I just read “The River of Doubt” about Teddy Roosevelt’s (TR’s) near death adventure on the River of Doubt in the Amazon, and I couldn’t help but pick up several great business lessons.
After getting crushed in his 1912 re-election bid, TR decided to explore the River of Doubt to both forget his woes and to recapture some badly desired attention. He almost died during the trip, however, and he never fully recovered.
Lesson #1: Control your ego. TR was an amazing achiever (prolific author, naturalist, explorer as well as a politician) but he had an outsized ego and a machismo obsession that he dragged his sons into. TR did not plan well for his River of Doubt expedition, thinking he could handle anything (he couldn’t).
Also – his tough talk and machismo caught up with him during WWI. One of his sons died in the war trying to live up to TR’s machismo standards, devastating TR. And, TR’s tough-talk-diplomacy and love for battle seemed very outdated when 10 million men ended up dying gruesomely on WWI battlefields.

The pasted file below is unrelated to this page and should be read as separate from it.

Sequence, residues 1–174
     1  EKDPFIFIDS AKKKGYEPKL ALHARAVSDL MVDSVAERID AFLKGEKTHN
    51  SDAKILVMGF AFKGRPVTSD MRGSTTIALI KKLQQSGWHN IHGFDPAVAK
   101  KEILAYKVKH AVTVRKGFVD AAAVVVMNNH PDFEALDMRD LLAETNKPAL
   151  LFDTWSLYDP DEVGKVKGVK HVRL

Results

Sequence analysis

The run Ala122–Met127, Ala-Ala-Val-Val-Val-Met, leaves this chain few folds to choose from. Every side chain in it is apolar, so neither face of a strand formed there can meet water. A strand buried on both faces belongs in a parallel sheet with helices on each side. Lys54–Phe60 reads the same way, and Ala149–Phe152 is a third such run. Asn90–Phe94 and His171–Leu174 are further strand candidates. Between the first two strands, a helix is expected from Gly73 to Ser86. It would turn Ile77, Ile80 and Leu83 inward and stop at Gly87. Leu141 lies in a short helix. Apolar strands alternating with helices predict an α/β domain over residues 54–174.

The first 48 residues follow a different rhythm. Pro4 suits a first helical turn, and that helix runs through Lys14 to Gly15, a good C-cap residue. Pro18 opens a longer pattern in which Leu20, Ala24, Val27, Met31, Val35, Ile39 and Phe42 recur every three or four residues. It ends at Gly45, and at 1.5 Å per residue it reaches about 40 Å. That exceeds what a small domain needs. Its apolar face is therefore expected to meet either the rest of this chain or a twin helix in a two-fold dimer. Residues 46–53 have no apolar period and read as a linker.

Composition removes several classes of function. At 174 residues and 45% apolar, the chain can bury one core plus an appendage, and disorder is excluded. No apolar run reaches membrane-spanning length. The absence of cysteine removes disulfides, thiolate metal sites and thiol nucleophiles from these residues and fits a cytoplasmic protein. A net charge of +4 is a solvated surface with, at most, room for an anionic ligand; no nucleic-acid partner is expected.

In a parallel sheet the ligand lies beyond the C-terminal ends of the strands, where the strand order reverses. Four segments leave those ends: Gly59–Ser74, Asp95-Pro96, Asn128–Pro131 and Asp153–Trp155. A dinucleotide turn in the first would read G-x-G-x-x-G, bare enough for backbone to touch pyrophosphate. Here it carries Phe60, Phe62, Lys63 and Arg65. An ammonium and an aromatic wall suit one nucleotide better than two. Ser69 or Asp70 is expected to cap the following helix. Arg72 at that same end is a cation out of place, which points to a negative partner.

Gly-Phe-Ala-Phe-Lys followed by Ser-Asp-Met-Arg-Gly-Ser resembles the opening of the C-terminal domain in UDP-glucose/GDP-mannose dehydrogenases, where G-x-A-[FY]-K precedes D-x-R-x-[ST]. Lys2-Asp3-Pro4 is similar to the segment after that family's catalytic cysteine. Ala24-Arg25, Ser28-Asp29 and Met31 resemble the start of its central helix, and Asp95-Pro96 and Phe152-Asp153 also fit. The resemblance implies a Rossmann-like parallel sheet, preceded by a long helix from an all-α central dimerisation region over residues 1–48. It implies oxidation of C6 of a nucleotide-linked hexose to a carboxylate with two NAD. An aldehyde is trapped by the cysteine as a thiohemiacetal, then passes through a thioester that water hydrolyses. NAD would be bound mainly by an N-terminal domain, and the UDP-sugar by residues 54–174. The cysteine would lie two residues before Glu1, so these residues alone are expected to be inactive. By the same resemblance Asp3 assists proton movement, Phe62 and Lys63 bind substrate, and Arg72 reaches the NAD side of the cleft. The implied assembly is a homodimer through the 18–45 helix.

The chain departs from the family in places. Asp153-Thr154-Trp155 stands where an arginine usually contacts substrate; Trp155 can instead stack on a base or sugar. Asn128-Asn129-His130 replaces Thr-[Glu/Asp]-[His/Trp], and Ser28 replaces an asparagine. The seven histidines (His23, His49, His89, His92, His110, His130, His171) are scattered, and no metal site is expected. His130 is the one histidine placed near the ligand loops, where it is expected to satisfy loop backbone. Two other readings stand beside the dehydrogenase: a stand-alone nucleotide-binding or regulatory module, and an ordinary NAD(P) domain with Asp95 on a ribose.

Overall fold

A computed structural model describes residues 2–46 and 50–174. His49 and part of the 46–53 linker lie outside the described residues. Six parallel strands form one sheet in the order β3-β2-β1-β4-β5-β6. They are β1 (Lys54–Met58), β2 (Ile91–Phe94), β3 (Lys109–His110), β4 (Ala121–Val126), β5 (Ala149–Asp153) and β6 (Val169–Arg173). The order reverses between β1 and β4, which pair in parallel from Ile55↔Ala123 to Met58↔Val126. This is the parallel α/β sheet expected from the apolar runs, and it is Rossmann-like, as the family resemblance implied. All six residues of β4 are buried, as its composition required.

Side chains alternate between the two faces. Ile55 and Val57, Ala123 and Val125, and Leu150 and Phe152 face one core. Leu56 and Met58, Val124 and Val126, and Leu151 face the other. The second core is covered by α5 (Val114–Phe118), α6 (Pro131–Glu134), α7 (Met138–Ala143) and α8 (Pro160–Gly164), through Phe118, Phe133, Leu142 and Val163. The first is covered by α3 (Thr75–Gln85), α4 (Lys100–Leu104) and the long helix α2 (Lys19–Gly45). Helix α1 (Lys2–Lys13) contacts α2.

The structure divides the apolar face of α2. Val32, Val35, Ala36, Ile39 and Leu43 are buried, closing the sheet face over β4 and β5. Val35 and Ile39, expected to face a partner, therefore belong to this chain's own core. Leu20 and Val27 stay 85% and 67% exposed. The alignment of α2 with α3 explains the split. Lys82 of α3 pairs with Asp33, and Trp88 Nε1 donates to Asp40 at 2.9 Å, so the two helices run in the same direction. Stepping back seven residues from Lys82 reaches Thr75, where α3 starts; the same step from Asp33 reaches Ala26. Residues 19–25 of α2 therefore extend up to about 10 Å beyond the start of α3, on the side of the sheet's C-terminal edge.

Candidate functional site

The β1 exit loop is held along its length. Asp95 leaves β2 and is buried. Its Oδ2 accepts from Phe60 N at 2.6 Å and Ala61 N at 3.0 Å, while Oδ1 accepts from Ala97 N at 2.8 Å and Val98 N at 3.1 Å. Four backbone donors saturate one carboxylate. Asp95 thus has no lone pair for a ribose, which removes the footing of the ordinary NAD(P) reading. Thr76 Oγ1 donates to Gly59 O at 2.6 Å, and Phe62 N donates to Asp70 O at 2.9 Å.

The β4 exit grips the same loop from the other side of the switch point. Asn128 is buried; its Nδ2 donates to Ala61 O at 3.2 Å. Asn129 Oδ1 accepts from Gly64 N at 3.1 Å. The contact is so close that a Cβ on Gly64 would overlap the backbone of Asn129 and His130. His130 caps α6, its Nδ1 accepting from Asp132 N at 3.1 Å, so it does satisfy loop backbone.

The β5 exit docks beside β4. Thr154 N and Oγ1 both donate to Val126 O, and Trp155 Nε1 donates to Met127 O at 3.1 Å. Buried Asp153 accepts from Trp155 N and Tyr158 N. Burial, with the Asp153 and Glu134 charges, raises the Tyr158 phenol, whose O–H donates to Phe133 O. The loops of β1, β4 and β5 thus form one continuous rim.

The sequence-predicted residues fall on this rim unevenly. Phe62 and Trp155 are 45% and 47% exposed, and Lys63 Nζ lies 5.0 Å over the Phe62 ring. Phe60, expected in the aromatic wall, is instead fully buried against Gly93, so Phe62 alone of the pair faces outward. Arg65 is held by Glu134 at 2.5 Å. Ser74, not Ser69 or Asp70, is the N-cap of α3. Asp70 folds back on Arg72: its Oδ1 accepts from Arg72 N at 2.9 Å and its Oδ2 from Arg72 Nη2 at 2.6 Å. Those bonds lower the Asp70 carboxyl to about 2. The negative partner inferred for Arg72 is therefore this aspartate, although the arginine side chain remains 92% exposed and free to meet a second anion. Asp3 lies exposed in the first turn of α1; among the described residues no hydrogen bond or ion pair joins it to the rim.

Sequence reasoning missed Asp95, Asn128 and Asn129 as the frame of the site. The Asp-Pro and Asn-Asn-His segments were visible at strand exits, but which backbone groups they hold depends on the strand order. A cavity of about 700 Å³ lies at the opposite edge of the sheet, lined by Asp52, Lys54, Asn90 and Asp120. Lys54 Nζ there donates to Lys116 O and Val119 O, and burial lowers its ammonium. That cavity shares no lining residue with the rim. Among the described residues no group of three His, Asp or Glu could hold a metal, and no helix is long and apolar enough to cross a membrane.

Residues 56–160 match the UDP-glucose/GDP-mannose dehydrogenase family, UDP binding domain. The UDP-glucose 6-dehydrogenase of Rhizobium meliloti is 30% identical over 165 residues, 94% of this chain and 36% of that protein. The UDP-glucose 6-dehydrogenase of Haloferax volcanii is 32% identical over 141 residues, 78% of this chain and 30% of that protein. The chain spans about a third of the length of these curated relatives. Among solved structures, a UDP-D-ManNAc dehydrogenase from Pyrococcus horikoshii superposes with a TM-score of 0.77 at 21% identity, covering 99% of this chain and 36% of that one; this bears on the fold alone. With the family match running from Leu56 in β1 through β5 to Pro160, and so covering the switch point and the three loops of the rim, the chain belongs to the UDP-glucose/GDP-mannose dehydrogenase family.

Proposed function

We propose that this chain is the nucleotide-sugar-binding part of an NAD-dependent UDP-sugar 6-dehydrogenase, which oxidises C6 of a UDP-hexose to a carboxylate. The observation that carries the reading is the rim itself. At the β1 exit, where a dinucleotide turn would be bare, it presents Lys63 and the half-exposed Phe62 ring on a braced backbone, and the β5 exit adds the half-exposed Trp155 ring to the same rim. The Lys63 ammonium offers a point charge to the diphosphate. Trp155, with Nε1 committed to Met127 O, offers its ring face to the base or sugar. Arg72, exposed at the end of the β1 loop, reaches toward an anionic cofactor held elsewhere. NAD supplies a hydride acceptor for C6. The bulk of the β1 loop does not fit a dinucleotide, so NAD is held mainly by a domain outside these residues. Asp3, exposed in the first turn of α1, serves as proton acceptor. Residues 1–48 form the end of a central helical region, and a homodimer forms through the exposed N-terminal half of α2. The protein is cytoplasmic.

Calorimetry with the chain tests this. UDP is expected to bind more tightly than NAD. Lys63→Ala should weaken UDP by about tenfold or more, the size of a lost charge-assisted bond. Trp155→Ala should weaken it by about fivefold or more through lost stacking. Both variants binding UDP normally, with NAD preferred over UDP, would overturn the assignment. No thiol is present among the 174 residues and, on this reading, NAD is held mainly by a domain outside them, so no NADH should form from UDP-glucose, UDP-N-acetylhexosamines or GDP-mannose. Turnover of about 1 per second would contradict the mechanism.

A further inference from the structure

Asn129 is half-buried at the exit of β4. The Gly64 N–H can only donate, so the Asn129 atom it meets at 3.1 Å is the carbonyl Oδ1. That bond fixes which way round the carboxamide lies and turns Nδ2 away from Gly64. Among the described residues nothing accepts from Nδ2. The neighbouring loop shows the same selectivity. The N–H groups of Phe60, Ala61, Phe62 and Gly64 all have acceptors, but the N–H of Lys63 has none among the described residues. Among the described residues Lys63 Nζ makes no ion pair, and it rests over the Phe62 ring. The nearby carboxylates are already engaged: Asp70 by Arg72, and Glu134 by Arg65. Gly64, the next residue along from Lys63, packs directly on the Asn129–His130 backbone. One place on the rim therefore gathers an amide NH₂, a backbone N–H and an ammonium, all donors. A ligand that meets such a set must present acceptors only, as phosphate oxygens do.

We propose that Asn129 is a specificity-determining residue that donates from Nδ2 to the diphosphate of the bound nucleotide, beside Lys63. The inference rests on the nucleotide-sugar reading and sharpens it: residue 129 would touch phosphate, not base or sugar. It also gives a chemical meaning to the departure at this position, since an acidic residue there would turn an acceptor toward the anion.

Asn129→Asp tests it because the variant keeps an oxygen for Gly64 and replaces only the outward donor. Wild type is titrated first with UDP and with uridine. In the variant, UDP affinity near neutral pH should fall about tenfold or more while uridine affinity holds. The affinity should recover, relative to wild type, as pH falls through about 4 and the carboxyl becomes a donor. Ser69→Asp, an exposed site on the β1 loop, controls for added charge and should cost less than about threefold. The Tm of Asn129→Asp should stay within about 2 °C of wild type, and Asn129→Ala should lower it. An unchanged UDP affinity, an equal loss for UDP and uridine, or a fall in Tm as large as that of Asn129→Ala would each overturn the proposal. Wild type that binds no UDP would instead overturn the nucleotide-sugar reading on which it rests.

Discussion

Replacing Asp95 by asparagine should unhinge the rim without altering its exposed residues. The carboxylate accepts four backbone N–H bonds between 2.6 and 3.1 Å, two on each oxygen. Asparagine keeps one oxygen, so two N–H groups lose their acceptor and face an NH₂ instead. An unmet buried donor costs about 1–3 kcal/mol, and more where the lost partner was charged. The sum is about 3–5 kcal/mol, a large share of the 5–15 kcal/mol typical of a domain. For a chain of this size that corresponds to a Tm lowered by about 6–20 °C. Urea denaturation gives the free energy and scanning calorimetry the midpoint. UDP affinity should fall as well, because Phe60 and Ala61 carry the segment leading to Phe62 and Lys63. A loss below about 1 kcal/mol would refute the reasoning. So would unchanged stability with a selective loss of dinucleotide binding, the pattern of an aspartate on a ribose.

Lesson #2: Delegate but don’t abdicate. TR delegated all the planning for the River of Doubt trip to subordinates without monitoring details. This proved nearly fatal for everyone, as the entire group was woefully unprepared for the travails they faced.
Lesson #3: Do background checks. TR did not do background checks on the hires for his trip, and this again almost cost him his life. His quartermaster who planned the trip was utterly incompetent, and one of the Brazilian laborers turned out to be a thief and a murderer (who shot a fellow laborer through the heart).
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